Casually referred to by Dubliners as the “Spike”, this was erected in 2002 on O’Connell Street, and is constructed of rolled stainless steel, rising 120 metres with a luminous tip. Its shiny form reflects the weather and the light in a wonderful way, the whole of it glowing in the setting sun and the tip seeming to disappear in the cloud on overcast days.

Where to drink

Nearly every pub is a gem in Dublin, but here are a couple of particularly choice ones you really shouldn’t miss.

The Old Stand
Exchequer Street

One of the oldest pubs in Dublin, with the original charter thought to have been granted in the 15th Century, The Old Stand is on the excellent Literary Walk, which tells the tale of writers and their drinking holes (get details from the Tourist Information Centre, St Andrew’s Street). The décor is unspoilt (you step down into a flagstoned interior), the food is good, and the bar staff friendly and knowledgeable.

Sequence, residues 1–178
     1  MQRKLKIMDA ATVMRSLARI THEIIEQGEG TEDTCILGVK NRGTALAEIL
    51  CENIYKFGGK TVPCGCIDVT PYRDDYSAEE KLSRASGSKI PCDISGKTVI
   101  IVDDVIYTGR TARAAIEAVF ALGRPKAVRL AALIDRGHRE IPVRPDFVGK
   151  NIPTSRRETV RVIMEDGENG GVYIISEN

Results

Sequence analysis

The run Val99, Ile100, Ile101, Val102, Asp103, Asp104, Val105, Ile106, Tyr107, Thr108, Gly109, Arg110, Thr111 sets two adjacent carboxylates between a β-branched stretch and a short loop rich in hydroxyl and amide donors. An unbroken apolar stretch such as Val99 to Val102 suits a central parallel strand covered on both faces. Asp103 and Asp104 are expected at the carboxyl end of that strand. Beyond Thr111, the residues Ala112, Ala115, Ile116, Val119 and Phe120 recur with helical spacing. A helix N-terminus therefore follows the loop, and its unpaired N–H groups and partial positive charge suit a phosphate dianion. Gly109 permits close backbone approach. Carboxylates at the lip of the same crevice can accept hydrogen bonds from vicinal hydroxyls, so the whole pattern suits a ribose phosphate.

The Horseshoe Bar
Shelbourne Hotel, St Stephen’s Green

Horseshoe-shaped bar in the Shelbourne Hotel (see Where to Stay, below) that sees an influx of politicians, government bods and media types in the early evening, Has a “clubby” décor (the owners retained it’s original design when the hotel was recently refurbished) and the standard of people watching is superb.

Where to Eat

The food in Dublin is good. The mix of Mediterranean influences and fresh local ingredients is a winner, and you will be hard pressed to have a bad meal here, whether you eat in a café, a pub, or a restaurant.

Café en Seine
Dawson Street

The Café en Seine is a beautiful light-filled place designed with a funky Art Deco theme and filled with eye candy is every direction, including a Louis XIVth bust, brass chandeliers, ornate mirrors, and 40ft palms. Like many Dublin establishments, it is a café by day (go for Sunday brunch, when some of Dublin’s best jazz bands play) and a happening pub by night, complete with bands and djs.

Dakota Bar
South William Street

By day a bistro filled with light and congenial chat, by evening a social hot spot with cocktails and food for the young crowd. The food is local produce with a Mediterranean twist, and is excellent – try their spicy fish cakes with lime crème fraîche or pan-fried fillets of wild Irish salmon, or their Irish bangers and mash if the weather has you craving comfort food.

The Cedar Tree
St Andrew’s Street